"This will play into the opposition's existing narrative that we are motivated by some form of political payback as opposed to reducing the country's annual budget deficit, or funding worthy causes such as public education, healthcare, sports, cultural and infrastructural development.
"Failure of web shop tax revenue to meet the public's heightened expectations will inevitably increase public demand for a national lottery, and such an outcome will most certainly be seized upon by the opposition in the run-up to the next general election as an initiative they intend to deliver."
In his recent budget communication, Prime Minister Perry Christie said web shops will be taxed and regulated as of July 1, 2014.
Christie said the Gaming Bill will be debated following the budget debate.
Minister of Tourism Obie Wilchcombe recently suggested to The Guardian that the government will explore introducing a national lottery for the development of sports and education in The Bahamas sometime after it has regulated the web shop industry.
Minister of State for Finance Michael Halkitis said yesterday that the $12 million projected tax revenue from web shops was a conservative estimate as the government has not yet decided what rate to tax the industry.
He was responding to Montagu MP Richard Lightbourn.
Tax revenue
Rollins said since 2010 it has been stated, under successive administrations, that the yield from the taxation of web shops would range anywhere from $20 million to $40 million.
"If securing a new source of tax revenue is the motivation behind regulating and taxing web shops as indicated by the prime minister, the fundamental question we must all ask for the sake of our country and our government's depleted coffers is this: Is $12 million the best we can do?"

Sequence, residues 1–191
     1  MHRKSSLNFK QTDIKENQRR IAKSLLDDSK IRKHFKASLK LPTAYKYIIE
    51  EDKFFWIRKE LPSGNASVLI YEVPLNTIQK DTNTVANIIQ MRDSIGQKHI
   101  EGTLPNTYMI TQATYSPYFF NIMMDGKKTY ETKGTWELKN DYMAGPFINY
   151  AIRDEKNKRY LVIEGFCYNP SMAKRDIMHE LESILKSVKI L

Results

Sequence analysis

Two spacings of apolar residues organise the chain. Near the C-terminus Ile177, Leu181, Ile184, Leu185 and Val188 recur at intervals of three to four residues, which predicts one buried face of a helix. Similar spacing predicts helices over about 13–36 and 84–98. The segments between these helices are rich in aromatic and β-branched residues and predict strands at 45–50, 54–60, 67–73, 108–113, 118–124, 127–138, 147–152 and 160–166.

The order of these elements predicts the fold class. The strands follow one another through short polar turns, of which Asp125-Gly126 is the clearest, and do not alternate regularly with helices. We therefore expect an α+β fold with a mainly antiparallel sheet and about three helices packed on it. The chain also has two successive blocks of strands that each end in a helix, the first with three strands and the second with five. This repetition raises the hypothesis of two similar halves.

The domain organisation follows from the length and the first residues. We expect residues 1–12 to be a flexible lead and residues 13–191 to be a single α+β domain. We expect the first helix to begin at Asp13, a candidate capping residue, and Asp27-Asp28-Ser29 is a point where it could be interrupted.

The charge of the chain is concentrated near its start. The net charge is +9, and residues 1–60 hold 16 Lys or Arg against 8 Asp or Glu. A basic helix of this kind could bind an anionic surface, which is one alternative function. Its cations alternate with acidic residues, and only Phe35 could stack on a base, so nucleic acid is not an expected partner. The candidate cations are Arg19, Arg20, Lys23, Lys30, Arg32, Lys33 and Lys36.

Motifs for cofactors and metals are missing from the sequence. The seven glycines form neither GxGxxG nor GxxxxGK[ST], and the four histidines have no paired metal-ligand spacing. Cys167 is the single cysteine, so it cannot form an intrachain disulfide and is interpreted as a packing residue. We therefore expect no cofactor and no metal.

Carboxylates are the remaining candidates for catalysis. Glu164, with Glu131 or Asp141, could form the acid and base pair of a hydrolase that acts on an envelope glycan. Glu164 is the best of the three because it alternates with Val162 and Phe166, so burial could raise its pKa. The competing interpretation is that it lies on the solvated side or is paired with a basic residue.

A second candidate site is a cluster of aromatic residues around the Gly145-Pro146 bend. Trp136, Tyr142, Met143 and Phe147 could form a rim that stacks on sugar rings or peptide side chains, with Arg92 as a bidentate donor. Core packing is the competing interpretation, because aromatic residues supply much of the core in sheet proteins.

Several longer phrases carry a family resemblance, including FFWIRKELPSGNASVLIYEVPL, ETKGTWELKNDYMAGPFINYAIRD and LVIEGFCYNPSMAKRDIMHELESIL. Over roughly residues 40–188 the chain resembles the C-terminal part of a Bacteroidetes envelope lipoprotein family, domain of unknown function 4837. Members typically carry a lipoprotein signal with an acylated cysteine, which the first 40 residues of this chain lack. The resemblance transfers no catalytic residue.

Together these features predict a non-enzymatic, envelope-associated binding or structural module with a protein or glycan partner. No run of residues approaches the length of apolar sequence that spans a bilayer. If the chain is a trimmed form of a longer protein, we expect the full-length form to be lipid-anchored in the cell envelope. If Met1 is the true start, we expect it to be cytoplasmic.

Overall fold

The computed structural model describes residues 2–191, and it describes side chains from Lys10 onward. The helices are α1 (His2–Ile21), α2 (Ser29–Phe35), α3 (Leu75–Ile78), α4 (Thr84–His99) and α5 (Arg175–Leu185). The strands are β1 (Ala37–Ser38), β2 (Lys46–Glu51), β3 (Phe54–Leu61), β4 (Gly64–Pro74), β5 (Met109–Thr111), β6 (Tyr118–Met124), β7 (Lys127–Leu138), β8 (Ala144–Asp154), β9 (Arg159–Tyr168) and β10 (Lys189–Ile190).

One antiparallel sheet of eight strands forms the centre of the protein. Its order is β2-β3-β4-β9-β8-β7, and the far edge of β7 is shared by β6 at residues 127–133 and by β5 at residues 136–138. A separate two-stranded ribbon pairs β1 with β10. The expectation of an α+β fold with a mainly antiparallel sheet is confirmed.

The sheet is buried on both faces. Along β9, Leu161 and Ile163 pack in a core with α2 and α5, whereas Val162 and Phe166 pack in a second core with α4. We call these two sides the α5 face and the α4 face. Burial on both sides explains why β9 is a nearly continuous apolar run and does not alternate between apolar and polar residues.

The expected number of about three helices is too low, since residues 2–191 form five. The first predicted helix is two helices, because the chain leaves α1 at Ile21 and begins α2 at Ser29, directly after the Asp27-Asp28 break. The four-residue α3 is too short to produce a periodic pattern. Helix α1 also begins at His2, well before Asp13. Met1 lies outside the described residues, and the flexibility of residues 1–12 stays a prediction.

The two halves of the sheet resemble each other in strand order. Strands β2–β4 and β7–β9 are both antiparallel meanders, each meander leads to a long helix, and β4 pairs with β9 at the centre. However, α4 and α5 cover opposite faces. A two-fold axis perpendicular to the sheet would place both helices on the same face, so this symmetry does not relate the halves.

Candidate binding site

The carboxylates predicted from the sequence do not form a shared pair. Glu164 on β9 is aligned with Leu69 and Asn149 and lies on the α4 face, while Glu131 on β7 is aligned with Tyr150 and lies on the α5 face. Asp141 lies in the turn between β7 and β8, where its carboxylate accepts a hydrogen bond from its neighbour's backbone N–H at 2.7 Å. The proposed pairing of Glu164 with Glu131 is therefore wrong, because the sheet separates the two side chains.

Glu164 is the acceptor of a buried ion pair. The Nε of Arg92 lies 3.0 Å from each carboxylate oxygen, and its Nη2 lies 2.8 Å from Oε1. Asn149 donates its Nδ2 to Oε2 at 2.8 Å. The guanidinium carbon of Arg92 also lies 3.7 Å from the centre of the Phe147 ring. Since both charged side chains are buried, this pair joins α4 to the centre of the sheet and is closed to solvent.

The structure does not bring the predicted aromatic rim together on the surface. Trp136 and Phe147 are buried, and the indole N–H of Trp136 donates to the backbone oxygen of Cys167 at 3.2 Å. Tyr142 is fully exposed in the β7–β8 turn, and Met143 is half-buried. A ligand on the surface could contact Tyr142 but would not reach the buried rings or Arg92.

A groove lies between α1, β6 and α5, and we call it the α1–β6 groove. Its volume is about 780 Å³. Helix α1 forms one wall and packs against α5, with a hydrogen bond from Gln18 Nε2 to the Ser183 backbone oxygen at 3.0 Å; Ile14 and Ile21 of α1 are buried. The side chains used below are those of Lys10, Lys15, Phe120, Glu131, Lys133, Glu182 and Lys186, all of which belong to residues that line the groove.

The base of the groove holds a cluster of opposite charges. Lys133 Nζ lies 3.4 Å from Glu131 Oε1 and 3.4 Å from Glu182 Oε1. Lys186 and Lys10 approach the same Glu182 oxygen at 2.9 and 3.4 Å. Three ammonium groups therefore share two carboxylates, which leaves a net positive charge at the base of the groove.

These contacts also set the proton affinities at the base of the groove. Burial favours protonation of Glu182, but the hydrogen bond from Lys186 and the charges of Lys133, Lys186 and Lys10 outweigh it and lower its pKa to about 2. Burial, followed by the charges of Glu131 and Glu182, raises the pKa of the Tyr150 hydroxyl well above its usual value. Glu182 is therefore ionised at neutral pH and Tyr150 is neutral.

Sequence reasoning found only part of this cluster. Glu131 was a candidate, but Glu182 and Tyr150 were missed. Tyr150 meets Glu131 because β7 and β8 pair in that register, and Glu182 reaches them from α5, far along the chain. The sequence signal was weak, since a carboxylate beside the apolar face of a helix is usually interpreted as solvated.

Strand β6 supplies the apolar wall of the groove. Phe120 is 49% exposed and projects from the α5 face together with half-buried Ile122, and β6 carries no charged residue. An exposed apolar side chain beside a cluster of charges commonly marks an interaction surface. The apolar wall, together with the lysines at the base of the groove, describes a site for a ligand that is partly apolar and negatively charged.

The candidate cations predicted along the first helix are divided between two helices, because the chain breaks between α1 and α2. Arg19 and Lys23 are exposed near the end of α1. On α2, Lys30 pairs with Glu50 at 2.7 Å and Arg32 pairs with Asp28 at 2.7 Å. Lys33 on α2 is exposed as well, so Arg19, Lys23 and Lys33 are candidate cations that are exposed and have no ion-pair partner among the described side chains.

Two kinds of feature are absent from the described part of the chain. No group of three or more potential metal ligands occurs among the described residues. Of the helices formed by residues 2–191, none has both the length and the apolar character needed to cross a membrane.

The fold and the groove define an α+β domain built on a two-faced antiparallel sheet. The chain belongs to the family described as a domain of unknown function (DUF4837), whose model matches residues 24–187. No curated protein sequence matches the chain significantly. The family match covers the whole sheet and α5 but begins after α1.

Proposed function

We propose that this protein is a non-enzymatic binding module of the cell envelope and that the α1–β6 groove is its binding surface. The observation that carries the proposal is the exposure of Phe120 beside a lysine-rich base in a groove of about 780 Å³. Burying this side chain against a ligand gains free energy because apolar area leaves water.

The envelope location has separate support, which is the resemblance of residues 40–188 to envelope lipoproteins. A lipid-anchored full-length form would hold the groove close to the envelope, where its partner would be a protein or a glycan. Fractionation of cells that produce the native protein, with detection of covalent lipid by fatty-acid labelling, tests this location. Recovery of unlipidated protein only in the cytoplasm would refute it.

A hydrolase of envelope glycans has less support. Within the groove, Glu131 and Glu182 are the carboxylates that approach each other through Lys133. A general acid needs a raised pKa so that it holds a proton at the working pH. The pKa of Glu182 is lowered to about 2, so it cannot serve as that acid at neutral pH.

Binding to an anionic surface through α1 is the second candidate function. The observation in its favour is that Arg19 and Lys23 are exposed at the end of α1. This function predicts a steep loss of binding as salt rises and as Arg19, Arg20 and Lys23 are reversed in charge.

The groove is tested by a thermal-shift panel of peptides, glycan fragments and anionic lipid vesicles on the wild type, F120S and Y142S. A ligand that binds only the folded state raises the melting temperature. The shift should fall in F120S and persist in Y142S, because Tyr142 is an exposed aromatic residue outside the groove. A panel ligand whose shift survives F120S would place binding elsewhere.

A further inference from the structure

Rollins said while he believes the government should reap much more from the regulation and taxation of the web shop industry, he applauded the government's resolve to at long last apply law and order to it.
He added that web shops should be taxed at a higher rate than hotel-based casinos.
Minister of Financial Services Ryan Pinder has said that it is estimated the government could take in between $20 million and $100 million annually in taxes from a regulated "electronic gaming industry".
The Gaming Bill was tabled in the House of Assembly last October, but the current bill does not provide for the taxation of web shops.
Christie said the government will amend the bill to improve casino gaming and allow for the regularization and licensing of the web shop industry.
Rollins previously called on the government to regulate and tax web shops.

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News Article
Govt could license more web shops than originally expected

There are seven to eight major web shop operators in The Bahamas, who have the "capacity to meet any conditions for licensing" if the gambling referendum is successful, according to Prime Minister Perry Christie.
"When I started off, I actually made the mistake about saying there are four web shop operators, who are major web shop operators," said Christie on Wednesday.
"Since this process began, I have seen seven or eight of them now and all of them making representations that they have the capacity to meet any conditions for licensing -- that they have store fronts; that they have the money; that they have this and they have that.